Gaza rubble 298.88.
(photo credit: AP)
The air force continued to hammer away at Hamas targets in the Gaza Strip on Thursday as the IDF made its first foray into northern Gaza, sending tanks and infantry to take over Kassam launch sites.
At least eight Palestinians died in the Israeli attacks, including a Hamas operative who was killed when the IAF dropped a bomb on a two-story building belonging to Hamas's Executive Force. Forty-five others were wounded in the bombing, which leveled the building and several next to it.
Three people were killed later in the day when IAF helicopters fired a missile at a vehicle in southern Gaza that the IDF said was transporting a Kassam rocket squad. Hamas operatives said they had fired three rockets from that area shortly before the air strike.
Palestinians also reported an additional three killed IAF aircraft fired on Hamas operatives late Thursday night.
IAF strikes rocket launching cell as Kassams pound Sderot
The air strikes were deemed successful by the IDF, with senior officers claiming they were impairing Hamas's ability to fire rockets despite the fact that more than 20 had been launched throughout day.
Meanwhile, tanks and infantry rolled into the Gaza Strip just north of Beit Lahiya, a popular Kassam launch pad. A small infantry force traveling in armored personnel carriers also entered the Strip.
Southern Command sources said the tanks only penetrated 400 meters into Gaza, near the former settlement of Dugit, to conduct surveillance of areas used to fire rockets into Sderot, and were not part of a large-scale or deep incursion.
Military sources said the operation was designed to take control of areas from where Kassams were being fired, in an effort to reduce rocket attacks on Sderot.
Later in the day, the IDF began deploying large numbers of artillery and armored personnel carriers around the Gaza Strip, for the first time in six months.
Palestinian sources claimed the IDF had electronically taken over the frequencies of several Gaza radio stations, using them to call on civilians to flee areas from where Kassams were launched.
"All of our operations are intended to minimize the Kassam fire," Defense Minister Amir Peretz told a radio station in the South. "The ground incursion also has a goal - to take over areas from which we can deal with and warn of rocket fire as it happens."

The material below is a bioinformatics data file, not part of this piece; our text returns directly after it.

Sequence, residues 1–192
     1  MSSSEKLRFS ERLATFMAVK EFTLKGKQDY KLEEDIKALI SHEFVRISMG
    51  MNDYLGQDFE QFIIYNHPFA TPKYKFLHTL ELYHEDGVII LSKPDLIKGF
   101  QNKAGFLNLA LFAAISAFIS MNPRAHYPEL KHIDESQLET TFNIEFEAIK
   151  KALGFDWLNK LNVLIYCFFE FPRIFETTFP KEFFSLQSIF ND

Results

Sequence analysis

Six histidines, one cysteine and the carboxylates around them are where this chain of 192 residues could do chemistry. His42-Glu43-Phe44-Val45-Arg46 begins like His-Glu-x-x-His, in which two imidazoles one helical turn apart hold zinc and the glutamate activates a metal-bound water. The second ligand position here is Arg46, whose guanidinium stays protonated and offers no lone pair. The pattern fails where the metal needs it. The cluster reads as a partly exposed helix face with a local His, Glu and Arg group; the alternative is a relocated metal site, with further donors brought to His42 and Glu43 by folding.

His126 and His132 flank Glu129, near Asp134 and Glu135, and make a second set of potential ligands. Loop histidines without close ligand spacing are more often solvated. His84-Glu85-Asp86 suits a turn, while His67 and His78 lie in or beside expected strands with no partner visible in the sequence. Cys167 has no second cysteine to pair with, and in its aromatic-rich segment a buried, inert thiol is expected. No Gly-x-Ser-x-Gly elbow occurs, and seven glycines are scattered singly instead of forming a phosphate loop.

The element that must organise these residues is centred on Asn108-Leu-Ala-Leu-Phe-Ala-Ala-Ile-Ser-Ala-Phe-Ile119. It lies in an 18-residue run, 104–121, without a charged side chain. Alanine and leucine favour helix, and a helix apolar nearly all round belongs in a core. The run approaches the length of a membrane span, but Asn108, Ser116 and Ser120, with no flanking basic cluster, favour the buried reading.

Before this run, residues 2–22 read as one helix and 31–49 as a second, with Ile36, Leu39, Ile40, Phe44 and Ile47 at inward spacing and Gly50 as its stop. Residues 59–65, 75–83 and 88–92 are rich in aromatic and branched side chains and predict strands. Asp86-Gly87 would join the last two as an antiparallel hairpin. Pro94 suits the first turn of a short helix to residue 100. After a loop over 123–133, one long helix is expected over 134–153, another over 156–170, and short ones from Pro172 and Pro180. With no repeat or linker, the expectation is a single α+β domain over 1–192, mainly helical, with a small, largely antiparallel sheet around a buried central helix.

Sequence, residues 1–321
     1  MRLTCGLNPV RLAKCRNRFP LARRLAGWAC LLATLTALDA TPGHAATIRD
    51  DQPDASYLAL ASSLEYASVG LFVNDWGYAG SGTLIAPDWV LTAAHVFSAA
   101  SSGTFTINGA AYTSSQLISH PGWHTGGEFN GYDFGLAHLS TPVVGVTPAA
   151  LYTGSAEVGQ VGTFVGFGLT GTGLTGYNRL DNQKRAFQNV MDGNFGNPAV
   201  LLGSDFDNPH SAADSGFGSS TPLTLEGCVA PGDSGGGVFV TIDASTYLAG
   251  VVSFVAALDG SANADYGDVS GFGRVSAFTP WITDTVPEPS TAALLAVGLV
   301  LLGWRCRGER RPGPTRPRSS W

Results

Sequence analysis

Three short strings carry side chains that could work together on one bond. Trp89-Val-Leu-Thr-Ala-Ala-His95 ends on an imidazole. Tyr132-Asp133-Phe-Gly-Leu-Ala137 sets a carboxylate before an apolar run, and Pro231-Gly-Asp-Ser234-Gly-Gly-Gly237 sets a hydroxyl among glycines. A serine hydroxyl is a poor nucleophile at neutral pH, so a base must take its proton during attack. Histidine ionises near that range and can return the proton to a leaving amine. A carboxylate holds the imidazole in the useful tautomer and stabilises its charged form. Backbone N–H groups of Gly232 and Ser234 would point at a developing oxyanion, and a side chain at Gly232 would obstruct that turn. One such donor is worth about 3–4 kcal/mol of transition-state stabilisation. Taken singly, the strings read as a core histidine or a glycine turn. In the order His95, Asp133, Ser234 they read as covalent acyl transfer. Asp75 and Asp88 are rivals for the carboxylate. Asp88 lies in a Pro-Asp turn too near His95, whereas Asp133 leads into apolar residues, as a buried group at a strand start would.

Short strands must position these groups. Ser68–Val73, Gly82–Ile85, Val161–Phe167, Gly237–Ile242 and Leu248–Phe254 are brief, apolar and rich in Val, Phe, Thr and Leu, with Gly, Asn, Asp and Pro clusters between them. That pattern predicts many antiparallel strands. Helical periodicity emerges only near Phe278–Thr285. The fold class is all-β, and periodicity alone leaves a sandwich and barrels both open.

Early Thursday morning, IAF missiles hit a vehicle traveling in Gaza City's Sheikh Radwan neighborhood. Two people were killed and four were wounded, including Imad Shabanah, the commander of a Hamas rocket manufacturing cell.
Hamas spokesman Abu Obaida said in response to the air strike that "the Zionist enemy has declared war" and that the terror group reserved the right to respond to the attack, even with suicide bombings.
Fawzi Barhoum, a Hamas spokesman, said Hamas's opponents are "pro-Zionist and pro-American elements who are working in a systematic, barbaric pre-planned campaign against Hamas and its elected leadership."
Military sources said that the IDF planned to continue striking from the air at Hamas targets. The military buildup around Gaza, one source said, was meant to prepare for the possibility that the situation would escalate. On Sunday, the security cabinet is scheduled to convene to hear briefings from the IDF on the Gaza situation and to determine the type of operation.
"We plan to be prepared for all possibilities," the military source said. "If Hamas escalates the situation on their side, then we might need to escalate the situation on our side."
Meanwhile, the Home Front Command issued orders to the Ashkelon Municipality on Thursday ahead of the possibility that rockets would begin landing in the coastal city.
On Thursday, over 20 rockets slammed into Sderot, one of which hit a classroom, lightly wounding two pupils. Later in the day, a rocket struck a factory in Sderot, sparking a fire that firefighters worked frantically to extinguish. No casualties were reported.
Another rocket landed in one of the kibbutzim in the area, injuring animals in the kibbutz petting zoo and causing damage.
AP contributed to this report